War of the Rebellion: Serial 031 Page 0913 Chapter XXXIII. CORRESPONDENCE, ETC. - UNION.

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along the summit of the highlands southeast of the Eastern Branch the ground is very much cut by wooded ravines perpendicular to the direction of the roads. Hence, this single work exercises a powerful influence in preventing an enemy, coming from the direction of Bladensburg, from reaching the margin of the Eastern Branch opposite Washington . It should be capable of holding out for a few days without external aid. The work is well built and sufficiently large. The Commission recommend the construction of bomb-proofs for the garrison, and to contain, besides five days' provisions, reversed casemates at three of the angles of counterscarp and a few more platforms for field guns on east and west faces; also a stockaded redan, to cover the entrance and flank the gorge. It should be remarked that Benning's Bridge itself is guarded by a tete-de-pont for infantry.

The chain of works (ten in all) from Fort Meigs to Fort Greble occupies the summit of the ridge between the Eastern Branch and Oxen Creek from almost all points at which, in this distance of 6 miles,an enemy can bring batteries to bear upon the navy-yards or arsenal.

Fort Meigs occupies a key-point to the ridge. It is the extreme point in this direction from which the arsenal and the navy-yard can be seen and reached by an enemy's batteries. To reach this point from Bladensburg, an enemy must taken the Eastern Branch and Benning's Bridge roads, or, by a considerable detour, strike the Marlborough road to the eastward. Obstructed at Fort Meigs, if he would reach the ridge at a lower point, he must make a more extensive detour, cross the valley of Oxen Creek above Fort Meigs, and recross it again; the only public road available being the one ascending the ridge at Fort Wagner and leading to the Navy-Yard Bridge. Fort Meigs should be a work capable of resisting a vigorous assault. It is not so (no isolated small field-work can be so), and no single large work on this difficult ground, even if the topography permitted, can be made so without numerous outworks. The object can only be attained by a congeries of works, which shall sustain and flank each other, and, from numerous points of view, see and guard all the ravines and otherwise hidden surfaces. To accomplish this-to a great degree, at least-several auxiliary works are necessary-say, a work some 300 yards distant, on the Marlborough road (under construction); a battery in connection therewith,near the road, to command a ravine of gentle slopes which extends from near Fort Meigs southward to Oxen Creek; a small work (under construction) on a knob a few hundred yards north of Fort Meigs (of much lower elevation), to see, in reverse, the steep slopes and ravines which approach the fort from the northward. These works, with Fort Du Pont, will form a congeries, which may be considered a single fortifications of fortified camp, in which the garrison must sustain itself for a few days. The various ravines and inequalities of the ground furnish ample against direct or covered fires, and, as vertical fires are not to be apprehended, bombproof are unnecessary, except for the ground of the forts themselves and for storage of provisions. The guns of Fort Meigs are all sea-coast 32s, and in barbette. As these guns will be useful for their distant fire, the light guns of surrounding works being depended on for flanking purposes, it may be well to let them remain as they are.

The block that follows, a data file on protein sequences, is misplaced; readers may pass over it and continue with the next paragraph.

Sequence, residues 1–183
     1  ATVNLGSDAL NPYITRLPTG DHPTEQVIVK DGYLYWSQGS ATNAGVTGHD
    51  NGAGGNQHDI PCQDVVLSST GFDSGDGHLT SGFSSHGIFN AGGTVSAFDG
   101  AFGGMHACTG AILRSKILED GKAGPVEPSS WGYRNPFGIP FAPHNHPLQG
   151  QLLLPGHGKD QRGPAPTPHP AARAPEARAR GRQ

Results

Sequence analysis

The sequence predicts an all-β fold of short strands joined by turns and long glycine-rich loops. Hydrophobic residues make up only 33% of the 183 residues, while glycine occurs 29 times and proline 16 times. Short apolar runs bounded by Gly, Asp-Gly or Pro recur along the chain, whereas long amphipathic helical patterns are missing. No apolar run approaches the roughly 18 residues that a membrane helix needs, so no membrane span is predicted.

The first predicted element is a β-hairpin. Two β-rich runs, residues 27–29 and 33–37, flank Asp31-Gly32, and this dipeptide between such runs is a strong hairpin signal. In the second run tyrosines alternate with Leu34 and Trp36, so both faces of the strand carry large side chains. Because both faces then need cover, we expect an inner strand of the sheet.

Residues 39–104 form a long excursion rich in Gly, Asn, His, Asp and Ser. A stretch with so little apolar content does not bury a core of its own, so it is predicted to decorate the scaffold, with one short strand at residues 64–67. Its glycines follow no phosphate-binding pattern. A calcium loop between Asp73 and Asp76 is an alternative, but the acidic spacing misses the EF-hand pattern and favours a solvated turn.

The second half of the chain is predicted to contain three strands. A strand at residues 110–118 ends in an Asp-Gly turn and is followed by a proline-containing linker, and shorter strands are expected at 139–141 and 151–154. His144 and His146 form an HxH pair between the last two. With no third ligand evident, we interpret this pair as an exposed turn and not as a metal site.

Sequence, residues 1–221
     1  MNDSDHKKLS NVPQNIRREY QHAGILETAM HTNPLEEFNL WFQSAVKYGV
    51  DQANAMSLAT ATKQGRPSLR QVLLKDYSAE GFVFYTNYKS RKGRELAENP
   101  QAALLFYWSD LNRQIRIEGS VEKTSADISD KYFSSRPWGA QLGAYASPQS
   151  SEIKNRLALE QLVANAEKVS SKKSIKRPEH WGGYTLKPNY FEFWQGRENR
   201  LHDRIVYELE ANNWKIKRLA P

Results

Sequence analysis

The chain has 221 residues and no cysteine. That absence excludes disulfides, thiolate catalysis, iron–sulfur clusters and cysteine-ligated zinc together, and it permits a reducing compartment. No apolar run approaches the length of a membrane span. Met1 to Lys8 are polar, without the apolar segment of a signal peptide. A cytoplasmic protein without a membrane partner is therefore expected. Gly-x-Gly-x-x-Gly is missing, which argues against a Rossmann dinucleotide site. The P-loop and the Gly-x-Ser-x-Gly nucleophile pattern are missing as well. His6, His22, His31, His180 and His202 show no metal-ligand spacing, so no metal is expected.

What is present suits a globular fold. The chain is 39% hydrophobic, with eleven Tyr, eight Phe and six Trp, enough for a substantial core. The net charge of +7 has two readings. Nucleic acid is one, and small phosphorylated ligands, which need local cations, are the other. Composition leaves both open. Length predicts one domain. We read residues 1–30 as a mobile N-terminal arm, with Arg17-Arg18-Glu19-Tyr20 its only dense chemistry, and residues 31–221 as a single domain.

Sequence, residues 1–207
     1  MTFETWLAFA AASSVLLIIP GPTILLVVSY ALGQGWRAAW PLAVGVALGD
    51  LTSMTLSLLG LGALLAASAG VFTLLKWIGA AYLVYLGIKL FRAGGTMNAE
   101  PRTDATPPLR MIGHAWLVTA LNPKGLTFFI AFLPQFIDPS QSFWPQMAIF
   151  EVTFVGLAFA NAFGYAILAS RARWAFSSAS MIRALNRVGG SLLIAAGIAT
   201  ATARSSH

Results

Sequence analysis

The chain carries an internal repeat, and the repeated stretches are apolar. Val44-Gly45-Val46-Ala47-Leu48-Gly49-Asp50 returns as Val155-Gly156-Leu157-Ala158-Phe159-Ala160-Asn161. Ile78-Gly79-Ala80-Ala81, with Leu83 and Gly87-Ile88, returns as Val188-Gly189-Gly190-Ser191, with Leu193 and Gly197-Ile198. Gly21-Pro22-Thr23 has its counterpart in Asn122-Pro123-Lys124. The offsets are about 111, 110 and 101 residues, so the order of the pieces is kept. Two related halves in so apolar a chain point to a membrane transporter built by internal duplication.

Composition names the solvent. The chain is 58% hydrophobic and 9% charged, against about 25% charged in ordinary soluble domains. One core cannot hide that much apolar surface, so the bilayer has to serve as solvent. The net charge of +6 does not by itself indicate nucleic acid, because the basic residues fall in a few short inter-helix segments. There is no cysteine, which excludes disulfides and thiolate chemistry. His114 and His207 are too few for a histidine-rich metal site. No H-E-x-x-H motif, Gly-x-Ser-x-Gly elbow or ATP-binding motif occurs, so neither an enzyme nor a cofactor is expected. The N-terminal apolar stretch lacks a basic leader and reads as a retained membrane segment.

Fort Du Pont, after what has been said, requires no especial remark. A deep ravine to the westward may, perhaps, be best defended by a block-house, which can be pretty well screened from an enemy's artillery. The system we have just spoken of may require two or three of these structures.

Fort Davis requires no especial remark. It may be regarded as an